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Cancer Discov. 2012 May;2(5):450-7. doi: 10.1158/2159-8290.CD-11-0287. Epub 2012 Mar 31.

Kinetics of inhibitor cycling underlie therapeutic disparities between EGFR-driven lung and brain cancers.

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Department of Neurology, Brain Tumor Research Center, San Francisco, CA 94143, USA.


Although mutational activation of the epidermal growth factor receptor (EGFR) features prominently in glioma and non-small cell lung cancer (NSCLC), inhibitors of EGFR improve survival only in patients with NCSLC. To understand how mutations in EGFR influence response to therapy, we generated glioma cells expressing either glioma- or NSCLC-derived alleles and quantified kinase-site occupancy by clinical inhibitors with the use of a novel affinity probe and kinetic methodology. At equivalent doses, erlotinib achieved lower kinase-site occupancy in glioma-derived EGFRvIII compared with NSCLC-derived EGFR mutants. Kinase-site occupancy correlated directly with cell-cycle arrest. EGFRvIII released erlotinib rapidly compared with wild-type EGFR, whereas NSCLC-derived mutants released erlotinib slowly.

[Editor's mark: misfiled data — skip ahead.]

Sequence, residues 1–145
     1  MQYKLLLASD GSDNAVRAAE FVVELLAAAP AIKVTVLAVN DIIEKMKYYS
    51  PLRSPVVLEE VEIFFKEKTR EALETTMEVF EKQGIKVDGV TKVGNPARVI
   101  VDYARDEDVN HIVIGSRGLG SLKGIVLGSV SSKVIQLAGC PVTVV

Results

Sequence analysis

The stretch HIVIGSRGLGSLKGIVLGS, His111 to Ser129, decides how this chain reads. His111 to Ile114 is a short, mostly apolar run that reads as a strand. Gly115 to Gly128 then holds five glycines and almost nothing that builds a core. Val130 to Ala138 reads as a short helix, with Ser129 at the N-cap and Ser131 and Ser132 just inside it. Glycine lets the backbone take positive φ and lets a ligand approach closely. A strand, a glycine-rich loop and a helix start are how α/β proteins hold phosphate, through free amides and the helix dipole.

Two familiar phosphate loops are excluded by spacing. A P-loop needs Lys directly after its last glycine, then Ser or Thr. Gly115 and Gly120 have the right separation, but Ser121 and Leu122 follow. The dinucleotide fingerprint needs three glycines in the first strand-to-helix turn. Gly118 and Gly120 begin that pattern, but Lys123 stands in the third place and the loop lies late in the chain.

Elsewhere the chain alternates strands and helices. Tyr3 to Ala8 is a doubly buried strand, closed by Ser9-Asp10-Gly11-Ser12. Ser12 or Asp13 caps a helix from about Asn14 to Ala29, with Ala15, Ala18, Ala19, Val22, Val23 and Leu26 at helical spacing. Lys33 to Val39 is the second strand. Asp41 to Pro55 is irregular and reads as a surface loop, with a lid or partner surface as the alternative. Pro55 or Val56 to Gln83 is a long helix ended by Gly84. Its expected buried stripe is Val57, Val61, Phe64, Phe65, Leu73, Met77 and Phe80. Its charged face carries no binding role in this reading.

These data suggest that kinase-site occupancy is a biomarker for efficacy of EGFR inhibitors, that rapid binding and release of erlotinib in glioma-derived EGFRvIII opposes the blockade of downstream signaling, and that slower cycling of erlotinib within the active site of NSCLC-derived mutants underlies their improved clinical response.

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